Scientific Skincare - LED Light Therapy Benefits
Skincare,  Acne,  Anti-Aging,  Lasers

LED Light Therapy Benefits: Gentle & Effective.

LED light therapy has become increasingly more popular due to its affordability, beneficial cosmetic result, and minimal downtime [1].

So what is LED light therapy? How does it work? And most importantly – What can it do for you?

What Is LED Light Therapy?

First of all, I should let you know that LED stands for light-emitting diode. LEDs have been around for a while, but it wasn’t until the NASA LED was introduced in 1998 that they became widely used in medicine and research [2]. This is due to the NASA LEDs having specific wavelengths unlike the old-generation LEDs [3]

LED light therapy is a non-invasive treatment that can provide rejuvenation [4] and improve acne [5], in addition to its many medical uses.

How Does It Work?

LED light therapy uses different wavelengths of visible light (between 400-760 nanometres). It is still not fully understood how light therapies work, however, there are three factors that are necessary. These three factors are light, molecules that are activated by light when they absorb it, and oxidative stress resulting from the activation of these molecules [6].

When photons of light are absorbed by the skin they initiate chemical changes in the skin cells and boost cellular metabolism [7][8][9]. As a result, the skin cells have more energy to multiply which helps tissue regenerate. A series of studies demonstrated the regenerative benefits of LED phototherapy with their observations that wounds healed faster after tissue was exposed to a 670nm LED treatment [10][11][12]. LED therapy can also be used to destroy the p-acnes bacteria that is associated with acne [13].

Here is a visual I created to show the different wavelengths/colours of visible light:

LED Light Therapy Benefits By Wavelength

Blue, Yellow, Red, and Near-Infrared are the most commonly used wavelength colours in LED light therapy.

Blue LED: 450-500 nm

Yellow LED: 570-590 nm

Red LED: 610-760 nm

Near-Infrared: < 760nm

LED Light Therapy Benefits

Blue LED Light Therapy

Blue LED light phototherapy has proved to be a successful treatment for acne [14]. The light activates the porphyrins produced by the p-acnes bacteria which causes a reaction that destroys the bacteria [13]. The porphyrins absorb the highest amount of light at 415 nm, which is considered to be within the blue light waveband [15].

What’s The Evidence Behind Blue LED?

There have been multiple randomised controlled trials (RCTs) investigating the effect of blue LED light therapy in the treatment of acne [16].

For example, one study had 41 patients use a 414nm blue LED every other day for eight weeks. After the 8 weeks, the number of acne lesions had reduced by 52% compared to patients who did not use blue LED [17]. Another study found that 414nm blue LED light decreased the size of acne lesions by 35% when used twice a day for two days [18].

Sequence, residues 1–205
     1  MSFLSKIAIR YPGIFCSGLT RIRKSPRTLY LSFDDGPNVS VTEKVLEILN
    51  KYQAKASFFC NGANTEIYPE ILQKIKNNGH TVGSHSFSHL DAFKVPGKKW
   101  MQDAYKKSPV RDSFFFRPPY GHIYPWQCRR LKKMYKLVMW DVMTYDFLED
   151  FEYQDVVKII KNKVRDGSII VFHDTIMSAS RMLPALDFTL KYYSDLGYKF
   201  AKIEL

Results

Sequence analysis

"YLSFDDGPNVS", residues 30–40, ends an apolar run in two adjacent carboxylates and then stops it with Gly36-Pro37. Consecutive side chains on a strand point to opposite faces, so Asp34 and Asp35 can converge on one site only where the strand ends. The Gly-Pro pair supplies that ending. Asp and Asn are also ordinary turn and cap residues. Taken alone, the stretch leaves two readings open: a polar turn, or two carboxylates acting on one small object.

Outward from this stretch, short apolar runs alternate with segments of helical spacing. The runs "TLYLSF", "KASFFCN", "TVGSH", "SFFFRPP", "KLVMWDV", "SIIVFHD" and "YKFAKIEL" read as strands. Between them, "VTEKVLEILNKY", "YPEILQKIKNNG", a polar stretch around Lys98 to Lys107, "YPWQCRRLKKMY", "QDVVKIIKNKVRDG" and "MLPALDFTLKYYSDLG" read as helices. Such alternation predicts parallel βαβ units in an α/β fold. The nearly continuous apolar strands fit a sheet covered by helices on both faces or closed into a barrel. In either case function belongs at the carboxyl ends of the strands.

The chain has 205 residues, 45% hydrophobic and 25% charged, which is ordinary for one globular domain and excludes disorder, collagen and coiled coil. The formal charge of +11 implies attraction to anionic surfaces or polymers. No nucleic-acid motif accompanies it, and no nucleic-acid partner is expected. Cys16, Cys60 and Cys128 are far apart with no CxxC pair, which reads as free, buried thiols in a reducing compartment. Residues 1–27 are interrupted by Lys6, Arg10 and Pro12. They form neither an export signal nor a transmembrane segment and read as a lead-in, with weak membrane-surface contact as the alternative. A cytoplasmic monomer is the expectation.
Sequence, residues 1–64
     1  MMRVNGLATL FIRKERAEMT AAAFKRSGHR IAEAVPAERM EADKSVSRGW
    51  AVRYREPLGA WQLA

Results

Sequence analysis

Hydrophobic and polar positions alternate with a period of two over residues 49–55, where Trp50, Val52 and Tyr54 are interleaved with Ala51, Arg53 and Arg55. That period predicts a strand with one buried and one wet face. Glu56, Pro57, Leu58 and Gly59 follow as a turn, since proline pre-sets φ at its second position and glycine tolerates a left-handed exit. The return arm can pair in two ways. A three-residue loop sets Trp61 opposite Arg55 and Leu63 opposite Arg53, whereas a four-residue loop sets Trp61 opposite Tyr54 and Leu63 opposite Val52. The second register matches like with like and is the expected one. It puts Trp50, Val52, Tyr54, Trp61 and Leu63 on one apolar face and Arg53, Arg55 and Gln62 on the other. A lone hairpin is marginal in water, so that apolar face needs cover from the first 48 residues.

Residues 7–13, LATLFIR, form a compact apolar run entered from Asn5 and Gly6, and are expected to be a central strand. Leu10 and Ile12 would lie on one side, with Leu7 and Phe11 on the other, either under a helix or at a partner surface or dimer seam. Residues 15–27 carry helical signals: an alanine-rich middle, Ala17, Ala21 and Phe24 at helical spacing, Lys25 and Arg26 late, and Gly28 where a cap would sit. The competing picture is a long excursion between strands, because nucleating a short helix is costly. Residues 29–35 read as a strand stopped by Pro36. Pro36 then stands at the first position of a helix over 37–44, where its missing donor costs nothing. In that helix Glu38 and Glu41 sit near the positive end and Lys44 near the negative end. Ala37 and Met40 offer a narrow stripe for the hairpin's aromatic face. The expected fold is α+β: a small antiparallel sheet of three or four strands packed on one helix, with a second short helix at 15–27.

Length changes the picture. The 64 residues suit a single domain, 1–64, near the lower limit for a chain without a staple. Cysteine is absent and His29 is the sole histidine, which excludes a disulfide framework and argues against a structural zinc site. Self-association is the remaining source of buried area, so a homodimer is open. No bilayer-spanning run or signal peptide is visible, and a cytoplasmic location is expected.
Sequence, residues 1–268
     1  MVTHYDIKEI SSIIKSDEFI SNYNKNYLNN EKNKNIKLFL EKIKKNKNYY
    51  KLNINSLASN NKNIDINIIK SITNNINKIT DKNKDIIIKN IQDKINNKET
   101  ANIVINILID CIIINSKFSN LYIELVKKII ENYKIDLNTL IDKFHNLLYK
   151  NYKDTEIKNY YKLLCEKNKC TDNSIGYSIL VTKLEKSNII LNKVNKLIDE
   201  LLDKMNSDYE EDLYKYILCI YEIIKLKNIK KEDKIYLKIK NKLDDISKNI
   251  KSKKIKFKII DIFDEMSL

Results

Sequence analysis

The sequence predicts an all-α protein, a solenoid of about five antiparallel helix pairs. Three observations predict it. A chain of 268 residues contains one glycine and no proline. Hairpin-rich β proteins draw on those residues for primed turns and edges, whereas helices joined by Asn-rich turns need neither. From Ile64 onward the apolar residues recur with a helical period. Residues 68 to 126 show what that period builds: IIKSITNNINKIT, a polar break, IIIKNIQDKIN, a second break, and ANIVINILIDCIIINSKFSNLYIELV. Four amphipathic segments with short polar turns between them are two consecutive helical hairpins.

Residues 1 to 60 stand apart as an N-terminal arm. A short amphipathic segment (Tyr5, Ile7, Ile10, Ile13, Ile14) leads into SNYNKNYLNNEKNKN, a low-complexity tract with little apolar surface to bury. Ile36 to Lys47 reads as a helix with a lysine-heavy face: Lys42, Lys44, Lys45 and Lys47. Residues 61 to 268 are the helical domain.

Blue LED light can be combined with red LED light to further improve the symptoms of acne [16]. For example, one study treated patients with 420nm blue LED light and 660nm red LED light twice a day for 4 weeks. Patients experienced a 77% reduction in inflammatory acne lesions and a 54% reduction in non-inflammatory acne lesions with relatively mild side effects (mild dryness/redness) [19].

Blue and red LED light therapy has been compared with other light and laser treatments used to treat acne, such as photodynamic therapy, intense pulsed light (IPL), and pulse-dye laser. While the blue and red light combination did improve acne, patients required 2-3 times as many treatment sessions as those who underwent photodynamic therapy or IPL [20][21].

Based on the evidence, blue and red LED light therapies are recommended to reduce the number of acne lesions and the associated inflammation. While they may require more treatment sessions than other phototherapies, LED light therapies have fewer side effects and may be safe for home use [16].

There are individual blue LED and combination blue and red LED home-use light systems that have demonstrated effectiveness at reducing the size of acne lesions in a short period of time [18][19].

Red And Near-Infrared LED

Red LED light therapy increases the production of collagen by four times the usual amount [22]. As mentioned earlier, red light is visible light and absorbed by the skin, causing chemical changes and boosting cellular metabolism which allows tissue to regenerate. Near-infrared LED light, however, is absorbed in the cell membranes (the layer around the cell) rather than by the cells themselves. Here it stimulates inflammatory cells as well as increasing collagen production [23]. Therefore, in theory, red LED light in combination with near-infrared LED light should enhance the collagen boosting effects of LED light therapy.

What’s The Evidence Behind Red and Near-Infrared LED?

There have been multiple RCTs investigating the rejuvenation benefits of either red LED light, near-infrared LED light or a combination of the two [16].